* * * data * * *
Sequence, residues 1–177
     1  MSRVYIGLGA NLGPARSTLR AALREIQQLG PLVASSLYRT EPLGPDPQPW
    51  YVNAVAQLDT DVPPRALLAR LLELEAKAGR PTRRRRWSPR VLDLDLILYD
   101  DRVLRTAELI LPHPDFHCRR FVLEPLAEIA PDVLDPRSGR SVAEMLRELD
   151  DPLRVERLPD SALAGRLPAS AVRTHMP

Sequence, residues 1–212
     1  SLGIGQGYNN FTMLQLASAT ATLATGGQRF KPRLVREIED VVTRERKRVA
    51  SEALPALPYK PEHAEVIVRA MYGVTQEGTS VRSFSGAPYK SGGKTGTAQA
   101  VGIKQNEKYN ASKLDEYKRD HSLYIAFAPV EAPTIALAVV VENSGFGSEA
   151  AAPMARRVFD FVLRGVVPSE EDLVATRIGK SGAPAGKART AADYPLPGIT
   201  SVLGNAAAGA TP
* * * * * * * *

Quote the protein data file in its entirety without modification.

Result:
Sequence, residues 1–177
     1  MSRVYIGLGA NLGPARSTLR AALREIQQLG PLVASSLYRT EPLGPDPQPW
    51  YVNAVAQLDT DVPPRALLAR LLELEAKAGR PTRRRRWSPR VLDLDLILYD
   101  DRVLRTAELI LPHPDFHCRR FVLEPLAEIA PDVLDPRSGR SVAEMLRELD
   151  DPLRVERLPD SALAGRLPAS AVRTHMP

Sequence, residues 1–212
     1  SLGIGQGYNN FTMLQLASAT ATLATGGQRF KPRLVREIED VVTRERKRVA
    51  SEALPALPYK PEHAEVIVRA MYGVTQEGTS VRSFSGAPYK SGGKTGTAQA
   101  VGIKQNEKYN ASKLDEYKRD HSLYIAFAPV EAPTIALAVV VENSGFGSEA
   151  AAPMARRVFD FVLRGVVPSE EDLVATRIGK SGAPAGKART AADYPLPGIT
   201  SVLGNAAAGA TP